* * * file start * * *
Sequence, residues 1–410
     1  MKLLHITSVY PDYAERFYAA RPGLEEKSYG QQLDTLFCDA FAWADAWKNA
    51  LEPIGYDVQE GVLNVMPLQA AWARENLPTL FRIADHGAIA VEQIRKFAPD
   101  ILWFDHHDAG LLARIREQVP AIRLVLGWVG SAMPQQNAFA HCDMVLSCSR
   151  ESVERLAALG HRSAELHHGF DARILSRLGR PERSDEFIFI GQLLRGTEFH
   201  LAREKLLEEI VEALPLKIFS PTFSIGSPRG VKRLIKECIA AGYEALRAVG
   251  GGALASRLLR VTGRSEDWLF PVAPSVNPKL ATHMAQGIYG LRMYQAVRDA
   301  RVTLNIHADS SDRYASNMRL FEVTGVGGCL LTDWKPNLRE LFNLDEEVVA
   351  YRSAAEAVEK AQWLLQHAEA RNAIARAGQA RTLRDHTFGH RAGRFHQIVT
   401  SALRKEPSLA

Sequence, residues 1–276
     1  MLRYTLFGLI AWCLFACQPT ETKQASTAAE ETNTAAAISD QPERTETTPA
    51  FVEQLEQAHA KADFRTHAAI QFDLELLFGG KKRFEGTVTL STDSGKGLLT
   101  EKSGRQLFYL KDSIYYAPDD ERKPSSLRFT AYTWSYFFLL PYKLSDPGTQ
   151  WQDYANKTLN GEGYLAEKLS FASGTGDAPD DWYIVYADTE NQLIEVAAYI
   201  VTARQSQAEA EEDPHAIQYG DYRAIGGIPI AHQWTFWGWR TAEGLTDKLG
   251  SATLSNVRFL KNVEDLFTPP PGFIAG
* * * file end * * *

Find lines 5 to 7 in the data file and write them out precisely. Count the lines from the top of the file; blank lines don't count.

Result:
   151  ESVERLAALG HRSAELHHGF DARILSRLGR PERSDEFIFI GQLLRGTEFH
   201  LAREKLLEEI VEALPLKIFS PTFSIGSPRG VKRLIKECIA AGYEALRAVG
   251  GGALASRLLR VTGRSEDWLF PVAPSVNPKL ATHMAQGIYG LRMYQAVRDA